Kimberley Motley, a human rights lawyer and the subject of the 2015 documentary “Motley’s Law,” has a unique perspective on life in Afghanistan. And she wants Americans to know — whatever they may see through news coverage of the country’s collapse, the reality on the ground for women under Taliban rule will be far worse.
“We’re seeing in real time the erasure of women from society” in Afghanistan, Motley told Variety. “We’re seeing women’s faces in public spaces are being painted over. There are way less women on the streets of Kabul now.”
Motley is currently in North Carolina, where Motley Legal Services is based. Her many contacts in Afghanistan have reported shocking conditions over the past few days as the country fell to the brutal militants that previously controlled large swaths of the nation of 38 million, about 20 million of which are women.
Motley is troubled by the lack of urgent action from world leaders to protect Afghan women from the brutality and repression that will be imposed by fundamentalist Taliban militants. For one, women now need a male escort to be seen out in public or risk violent punishment.
“There needs to be an international outcry to protect women and their rights,” she said. “Why that isn’t happening from heads of state, I don’t know.”
A native of Wisconsin, Motley made a name for herself by establishing a law practice in Afghanistan in 2009, after she’d spent a year working for the U.S. State Department on a mission to train Afghans as judges, prosecutors and defense attorneys. She hung out her own shingle after the federal assignment ended and became the first non-Afghan lawyer ever to litigate cases in the Central Asian nation. Her story was chronicled in the 2015 documentary “Motley’s Law” directed by Nicole Nielsen Horanyi.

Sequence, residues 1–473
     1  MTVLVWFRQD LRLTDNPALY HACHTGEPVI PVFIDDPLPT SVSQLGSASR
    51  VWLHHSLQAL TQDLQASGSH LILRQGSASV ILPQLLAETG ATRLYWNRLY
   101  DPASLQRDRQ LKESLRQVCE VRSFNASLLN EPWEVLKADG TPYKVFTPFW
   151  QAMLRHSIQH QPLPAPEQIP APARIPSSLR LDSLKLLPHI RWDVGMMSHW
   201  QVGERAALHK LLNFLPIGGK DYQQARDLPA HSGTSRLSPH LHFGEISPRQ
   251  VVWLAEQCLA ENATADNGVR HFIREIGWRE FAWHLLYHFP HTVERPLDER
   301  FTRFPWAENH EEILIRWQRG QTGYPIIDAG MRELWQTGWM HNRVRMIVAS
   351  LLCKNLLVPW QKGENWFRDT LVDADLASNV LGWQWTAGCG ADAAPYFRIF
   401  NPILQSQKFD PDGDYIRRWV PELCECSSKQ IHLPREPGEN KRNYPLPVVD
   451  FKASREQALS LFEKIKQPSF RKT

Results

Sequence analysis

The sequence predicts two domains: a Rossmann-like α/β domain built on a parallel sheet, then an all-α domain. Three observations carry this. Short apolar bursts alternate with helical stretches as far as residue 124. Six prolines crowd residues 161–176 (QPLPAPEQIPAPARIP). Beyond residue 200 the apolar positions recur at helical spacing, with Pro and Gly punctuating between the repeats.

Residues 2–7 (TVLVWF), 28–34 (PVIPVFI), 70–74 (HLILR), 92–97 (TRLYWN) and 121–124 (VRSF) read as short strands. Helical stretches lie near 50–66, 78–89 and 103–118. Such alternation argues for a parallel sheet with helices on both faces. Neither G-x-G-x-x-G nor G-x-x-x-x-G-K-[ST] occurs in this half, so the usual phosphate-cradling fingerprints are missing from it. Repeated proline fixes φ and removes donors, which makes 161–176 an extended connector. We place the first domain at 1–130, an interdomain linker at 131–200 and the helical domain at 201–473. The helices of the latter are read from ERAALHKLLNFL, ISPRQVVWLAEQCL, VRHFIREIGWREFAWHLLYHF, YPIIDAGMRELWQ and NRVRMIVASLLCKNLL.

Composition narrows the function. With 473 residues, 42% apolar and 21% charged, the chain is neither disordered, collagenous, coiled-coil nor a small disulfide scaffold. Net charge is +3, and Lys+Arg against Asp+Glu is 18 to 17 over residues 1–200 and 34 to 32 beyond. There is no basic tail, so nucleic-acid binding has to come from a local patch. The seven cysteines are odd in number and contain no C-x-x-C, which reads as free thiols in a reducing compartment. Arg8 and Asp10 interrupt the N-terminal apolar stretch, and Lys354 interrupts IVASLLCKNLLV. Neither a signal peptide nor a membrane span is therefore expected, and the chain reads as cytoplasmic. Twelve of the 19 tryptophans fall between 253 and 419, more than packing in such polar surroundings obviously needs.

Motley said she is particularly angered by President Biden’s handling of the withdrawal because of the work she and others had done to help establish a justice system and rule of law. Many women have been serving as judges, lawyers, politicians, doctors, academics, journalists and civic leaders over the last 20 years since the previous period of Taliban control ended with the arrival of the U.S.
“We sold them the dream of democracy and the rule of law, and we’re leaving them now in a worse situation than when we found them 20 years ago,” Motley said.
Now many women who were prominent in their field are on house arrest. A number of high-profile women that Motley knows have not been heard from in days.
“There were university women who were told ‘You’re not in school any more. There are people being turned away from work — ‘You don’t work here any more.’ They are setting up checkpoints where people are being stopped to look at their electronic devices to see if they’re talking to foreigners,” Motley said. “There are reports of beatings in the streets.”
Moreover, some pregnant women have been barred from giving birth at hospitals because they would be treated by male doctors. “Women are bleeding out at home instead,” she said.
Motley said she intends to go back to Afghanistan as soon as possible, despite the conditions.
“I have more work to do now there than ever,” she said. “Afghanistan has become a second home to me.”
(Pictured: Kimberley Motley in “Motley’s Law”)